By 4 a.m. the next morning, 1,200 cupcakes were ready for their debut. Moffatt personally frosted and decorated each cupcake. At 5 o’clock that evening, Moffatt hung up her apron and searched for some glass slippers. “I basically felt like Cinderella going to the ball because they had given us tickets to go and it’s formal,” said Moffatt. “We had worked so hard in this kitchen for about 48 hours, since you’ve got to clean up once you’re done. Then we (my mom and I) put on ball gowns and went to the ball.” That evening was a turning point for Moffatt’s business. The higher-end clientele she was trying to attract began to take note. “People started talking about them (the cupcakes) and asked if we knew where they were from. Of course, that sparked the conversation. It was pretty amazing. We had absolutely no dessert left that night and from what I hear, it was kind of a knockdown, dragout fight as to who got to take what flavors home.” Having a more stable business has allowed Moffatt to support several charitable efforts, like the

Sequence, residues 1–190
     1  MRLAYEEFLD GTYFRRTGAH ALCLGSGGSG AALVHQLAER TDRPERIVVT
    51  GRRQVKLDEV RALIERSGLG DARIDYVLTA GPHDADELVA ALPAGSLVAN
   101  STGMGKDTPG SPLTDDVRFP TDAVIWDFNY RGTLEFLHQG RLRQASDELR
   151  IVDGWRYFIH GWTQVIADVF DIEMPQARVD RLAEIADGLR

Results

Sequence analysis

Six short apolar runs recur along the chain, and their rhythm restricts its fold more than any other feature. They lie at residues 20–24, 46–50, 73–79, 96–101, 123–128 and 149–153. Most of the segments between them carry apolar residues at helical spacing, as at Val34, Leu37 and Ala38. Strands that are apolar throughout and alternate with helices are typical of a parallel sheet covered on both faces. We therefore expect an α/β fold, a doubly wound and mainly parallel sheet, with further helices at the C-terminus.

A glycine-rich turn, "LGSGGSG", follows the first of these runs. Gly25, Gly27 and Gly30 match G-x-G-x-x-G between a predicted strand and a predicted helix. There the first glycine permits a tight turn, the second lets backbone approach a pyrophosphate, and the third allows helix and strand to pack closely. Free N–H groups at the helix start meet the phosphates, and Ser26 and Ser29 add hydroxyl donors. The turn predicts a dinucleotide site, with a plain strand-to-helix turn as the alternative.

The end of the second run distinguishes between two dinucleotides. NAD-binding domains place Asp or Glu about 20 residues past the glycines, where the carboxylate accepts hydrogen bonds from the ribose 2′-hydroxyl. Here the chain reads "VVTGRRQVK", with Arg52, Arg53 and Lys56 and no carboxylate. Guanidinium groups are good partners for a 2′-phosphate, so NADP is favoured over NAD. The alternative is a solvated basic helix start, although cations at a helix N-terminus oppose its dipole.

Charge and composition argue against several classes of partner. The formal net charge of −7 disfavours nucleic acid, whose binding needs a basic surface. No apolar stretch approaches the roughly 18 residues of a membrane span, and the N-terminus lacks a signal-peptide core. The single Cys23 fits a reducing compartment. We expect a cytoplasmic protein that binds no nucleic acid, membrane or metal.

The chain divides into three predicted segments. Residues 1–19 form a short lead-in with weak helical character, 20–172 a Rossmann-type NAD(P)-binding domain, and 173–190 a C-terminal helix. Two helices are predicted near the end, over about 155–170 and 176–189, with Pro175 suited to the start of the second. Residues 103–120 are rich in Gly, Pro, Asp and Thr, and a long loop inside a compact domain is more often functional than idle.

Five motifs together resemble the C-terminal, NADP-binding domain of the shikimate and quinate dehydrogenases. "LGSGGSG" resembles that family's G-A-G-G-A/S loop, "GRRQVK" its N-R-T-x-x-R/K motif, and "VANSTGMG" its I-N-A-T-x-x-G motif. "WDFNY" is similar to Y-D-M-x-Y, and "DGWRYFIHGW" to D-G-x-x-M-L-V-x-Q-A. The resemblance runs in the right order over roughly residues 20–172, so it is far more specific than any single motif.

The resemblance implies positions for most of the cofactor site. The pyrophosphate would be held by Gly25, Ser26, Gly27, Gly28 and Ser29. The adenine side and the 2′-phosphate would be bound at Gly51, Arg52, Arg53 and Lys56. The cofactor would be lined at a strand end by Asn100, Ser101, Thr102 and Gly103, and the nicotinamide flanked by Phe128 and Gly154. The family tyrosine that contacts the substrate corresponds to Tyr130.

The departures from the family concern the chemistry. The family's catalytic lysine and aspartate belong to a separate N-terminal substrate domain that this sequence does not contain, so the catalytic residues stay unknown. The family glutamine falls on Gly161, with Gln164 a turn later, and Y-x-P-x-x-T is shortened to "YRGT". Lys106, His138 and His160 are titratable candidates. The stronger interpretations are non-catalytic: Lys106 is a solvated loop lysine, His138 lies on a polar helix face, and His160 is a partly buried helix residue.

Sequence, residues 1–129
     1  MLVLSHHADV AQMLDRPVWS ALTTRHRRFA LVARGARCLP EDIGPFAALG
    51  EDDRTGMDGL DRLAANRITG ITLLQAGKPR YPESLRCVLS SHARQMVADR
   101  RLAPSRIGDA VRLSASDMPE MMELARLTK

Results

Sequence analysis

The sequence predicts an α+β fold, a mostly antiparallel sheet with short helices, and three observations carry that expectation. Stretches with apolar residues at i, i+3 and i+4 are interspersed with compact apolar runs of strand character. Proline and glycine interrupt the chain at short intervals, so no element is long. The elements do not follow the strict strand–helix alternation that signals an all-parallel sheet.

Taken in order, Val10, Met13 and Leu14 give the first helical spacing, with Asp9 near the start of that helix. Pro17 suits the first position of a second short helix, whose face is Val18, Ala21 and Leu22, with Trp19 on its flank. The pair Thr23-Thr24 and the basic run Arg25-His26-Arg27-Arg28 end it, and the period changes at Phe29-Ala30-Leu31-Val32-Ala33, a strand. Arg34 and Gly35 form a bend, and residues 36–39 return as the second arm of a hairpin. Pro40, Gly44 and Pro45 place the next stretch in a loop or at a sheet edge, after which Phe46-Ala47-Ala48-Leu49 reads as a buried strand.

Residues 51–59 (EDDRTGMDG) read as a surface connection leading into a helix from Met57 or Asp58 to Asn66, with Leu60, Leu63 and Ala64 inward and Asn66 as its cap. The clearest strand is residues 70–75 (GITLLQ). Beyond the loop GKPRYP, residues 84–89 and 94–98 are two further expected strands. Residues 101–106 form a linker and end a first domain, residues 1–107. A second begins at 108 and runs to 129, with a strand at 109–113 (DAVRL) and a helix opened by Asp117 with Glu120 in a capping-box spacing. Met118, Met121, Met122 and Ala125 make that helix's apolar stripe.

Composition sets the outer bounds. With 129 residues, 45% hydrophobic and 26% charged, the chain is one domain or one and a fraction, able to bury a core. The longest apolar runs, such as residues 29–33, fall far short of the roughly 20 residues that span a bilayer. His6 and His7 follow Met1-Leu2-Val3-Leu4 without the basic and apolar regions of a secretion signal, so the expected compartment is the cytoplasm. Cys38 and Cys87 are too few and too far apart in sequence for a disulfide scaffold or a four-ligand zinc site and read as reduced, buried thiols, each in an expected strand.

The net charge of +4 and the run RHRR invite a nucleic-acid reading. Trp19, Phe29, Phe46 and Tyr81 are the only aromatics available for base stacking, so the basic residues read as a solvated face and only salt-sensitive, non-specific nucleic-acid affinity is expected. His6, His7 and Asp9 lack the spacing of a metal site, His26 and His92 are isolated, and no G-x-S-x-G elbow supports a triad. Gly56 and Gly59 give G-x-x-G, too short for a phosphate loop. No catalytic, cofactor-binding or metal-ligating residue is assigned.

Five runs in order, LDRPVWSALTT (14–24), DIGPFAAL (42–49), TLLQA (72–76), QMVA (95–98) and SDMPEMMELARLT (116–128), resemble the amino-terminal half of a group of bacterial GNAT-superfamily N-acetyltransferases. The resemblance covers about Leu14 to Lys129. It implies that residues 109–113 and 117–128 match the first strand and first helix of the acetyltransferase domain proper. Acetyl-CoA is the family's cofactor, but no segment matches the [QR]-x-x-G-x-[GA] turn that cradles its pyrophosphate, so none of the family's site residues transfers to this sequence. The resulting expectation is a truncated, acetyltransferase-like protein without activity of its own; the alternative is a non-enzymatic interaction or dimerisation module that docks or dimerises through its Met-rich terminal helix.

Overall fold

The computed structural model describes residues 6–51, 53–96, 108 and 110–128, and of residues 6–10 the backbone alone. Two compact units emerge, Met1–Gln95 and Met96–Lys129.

2011 Sweet Relief Benefit. Crème donated its products to raise money for Japanese tsunami victims. “I wasn’t surprised to see her there because she’s always involved,” Scott Carlson, Moffatt’s friend and managing partner of Court Avenue Brewing Company, said. For the moment, though, Moffatt’s main focus is her due date. In another month, the Crème family will grow with the addition of a baby they’ve nicknamed ‘Little Cupcake.’ “It will be fun, especially this past year for them (the baby) to look back at pictures with the new shop opening and know that they were with me the whole time because I’ve been pregnant since we opened the shop.” Moffatt looks forward to having her son or daughter cook with her, as she did with her mother. “It’s unfortunate that people are letting that tradition go because nobody makes anything anymore,” she said. “I cherish those moments because my mom taught me everything.”

SAB provides Dead Day relaxation fun Taylor Rookaird Columnist